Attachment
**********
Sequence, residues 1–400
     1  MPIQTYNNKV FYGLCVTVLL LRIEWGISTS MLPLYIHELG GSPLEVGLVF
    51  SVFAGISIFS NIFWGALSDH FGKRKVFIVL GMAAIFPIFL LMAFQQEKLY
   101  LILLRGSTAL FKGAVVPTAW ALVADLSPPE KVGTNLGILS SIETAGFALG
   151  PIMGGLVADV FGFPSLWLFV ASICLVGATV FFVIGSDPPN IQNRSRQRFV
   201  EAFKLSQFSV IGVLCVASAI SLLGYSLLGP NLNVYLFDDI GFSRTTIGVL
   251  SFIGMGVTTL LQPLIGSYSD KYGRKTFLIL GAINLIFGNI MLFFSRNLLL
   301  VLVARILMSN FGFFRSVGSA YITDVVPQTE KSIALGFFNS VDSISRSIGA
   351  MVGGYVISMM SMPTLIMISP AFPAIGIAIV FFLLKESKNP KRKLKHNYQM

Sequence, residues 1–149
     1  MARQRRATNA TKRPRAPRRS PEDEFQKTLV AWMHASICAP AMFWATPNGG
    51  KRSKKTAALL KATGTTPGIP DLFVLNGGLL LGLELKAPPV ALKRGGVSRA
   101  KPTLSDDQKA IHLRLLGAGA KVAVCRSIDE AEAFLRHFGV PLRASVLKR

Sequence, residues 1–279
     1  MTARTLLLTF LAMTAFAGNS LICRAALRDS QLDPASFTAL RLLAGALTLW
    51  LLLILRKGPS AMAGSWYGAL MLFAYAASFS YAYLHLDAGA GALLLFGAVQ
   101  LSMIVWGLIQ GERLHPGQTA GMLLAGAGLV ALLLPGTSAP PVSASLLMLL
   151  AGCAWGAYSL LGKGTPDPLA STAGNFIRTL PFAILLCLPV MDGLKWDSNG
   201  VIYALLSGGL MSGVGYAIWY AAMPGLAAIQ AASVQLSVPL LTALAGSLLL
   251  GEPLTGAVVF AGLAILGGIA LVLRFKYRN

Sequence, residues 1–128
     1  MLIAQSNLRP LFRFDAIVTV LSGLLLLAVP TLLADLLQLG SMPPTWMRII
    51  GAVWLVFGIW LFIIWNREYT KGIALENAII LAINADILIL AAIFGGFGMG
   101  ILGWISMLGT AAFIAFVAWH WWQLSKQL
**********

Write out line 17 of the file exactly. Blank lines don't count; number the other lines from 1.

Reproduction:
   101  LSMIVWGLIQ GERLHPGQTA GMLLAGAGLV ALLLPGTSAP PVSASLLMLL